By Glenn Halstead
A new report from IBM argues that the health of the country depends on the health of our cities. However, the current “business model” of most local governments is not sustainable in the current environment of budget cuts and little to no local revenue growth. Local governments’ current problems, the report’s authors argue, are structural, and not totally a symptom of the recession, and the provision of public infrastructure cannot be financed with existing public revenue streams.
The report stresses the importance of infrastructure investment. Local governments, they argue, face a trade-off when it comes to expenditures: investment in services or investment in capital. With scarce resources, local governments almost always maintain investment in services at the expense of capital and infrastructure. Since the early 1990s, investment in infrastructure and capital projects by local governments has fallen by over one-fourth.
However, this disinvestment creates several problems at the local level, including a less-efficient and less-productive workforce, lower service levels, and higher costs in the future when any current savings in capital and infrastructure spending are offset by higher maintenance fees on aging facilities. What is more, failure to invest in local infrastructure acts as a constraint on future economic growth, because efficient transportation, water, and sewer systems attract private investment and commercial activity, which increases the local tax base in the long run.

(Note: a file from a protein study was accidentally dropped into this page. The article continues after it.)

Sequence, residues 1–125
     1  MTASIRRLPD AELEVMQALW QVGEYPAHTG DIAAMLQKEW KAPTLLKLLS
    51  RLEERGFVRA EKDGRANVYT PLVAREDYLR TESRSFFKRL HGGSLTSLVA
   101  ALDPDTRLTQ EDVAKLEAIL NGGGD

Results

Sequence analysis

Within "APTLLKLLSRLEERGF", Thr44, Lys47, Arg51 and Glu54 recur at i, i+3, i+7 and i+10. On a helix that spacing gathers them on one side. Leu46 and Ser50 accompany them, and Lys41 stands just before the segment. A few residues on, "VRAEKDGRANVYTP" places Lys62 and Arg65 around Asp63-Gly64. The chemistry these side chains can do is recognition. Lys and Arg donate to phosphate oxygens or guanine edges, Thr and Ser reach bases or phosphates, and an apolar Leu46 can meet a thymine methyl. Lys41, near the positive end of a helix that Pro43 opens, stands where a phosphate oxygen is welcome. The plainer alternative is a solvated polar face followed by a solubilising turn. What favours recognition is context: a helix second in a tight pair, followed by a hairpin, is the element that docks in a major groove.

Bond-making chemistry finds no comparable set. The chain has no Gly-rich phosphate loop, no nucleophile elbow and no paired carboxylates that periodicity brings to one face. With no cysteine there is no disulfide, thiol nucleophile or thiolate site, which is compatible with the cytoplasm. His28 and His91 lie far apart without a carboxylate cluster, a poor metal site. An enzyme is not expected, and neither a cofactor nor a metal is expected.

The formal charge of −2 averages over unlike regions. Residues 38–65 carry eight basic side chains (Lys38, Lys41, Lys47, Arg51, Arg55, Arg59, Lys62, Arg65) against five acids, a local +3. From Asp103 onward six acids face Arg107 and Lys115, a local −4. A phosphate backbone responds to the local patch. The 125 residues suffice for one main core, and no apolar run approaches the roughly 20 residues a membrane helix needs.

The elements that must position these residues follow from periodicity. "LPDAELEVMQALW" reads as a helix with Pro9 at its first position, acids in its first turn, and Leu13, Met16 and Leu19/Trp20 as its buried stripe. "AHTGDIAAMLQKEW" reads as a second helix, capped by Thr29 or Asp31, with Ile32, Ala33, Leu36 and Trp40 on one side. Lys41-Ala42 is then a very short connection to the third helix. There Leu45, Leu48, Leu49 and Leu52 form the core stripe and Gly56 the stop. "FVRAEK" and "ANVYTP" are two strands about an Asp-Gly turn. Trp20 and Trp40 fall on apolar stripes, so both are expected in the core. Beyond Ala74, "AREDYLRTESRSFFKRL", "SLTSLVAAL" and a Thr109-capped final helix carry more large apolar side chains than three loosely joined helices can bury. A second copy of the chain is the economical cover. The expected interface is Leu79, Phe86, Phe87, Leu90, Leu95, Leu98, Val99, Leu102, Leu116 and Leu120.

The report offers several strategies to help cities overcome their current slow revenue growth and increase future investment in vital public capital and infrastructure projects. Among the recommendations, they advocate a Return on Investment (ROI) approach to spending and making revenue growth an explicit goal. Cities dedicate significant financial resources to the collection of tax revenues, but not to activities that stimulate revenue growth. When creating budgets and allocating public funds to various projects and services, cities should conduct an alternatives analysis and invest in those options that create the greatest public value.
Historically, local governments have funded about 50 percent of all infrastructure costs nationally. IBM estimates that by implementing strategies that increase revenues and decrease operating and service costs, local governments can save 5 to 15 percent of their expenses. These savings, according to the report, could free up enough money to fill the funding gap for necessary infrastructure and capital projects.
Glenn Halstead is an assistant at SSTI. He can be reached at Halstead@cows.org.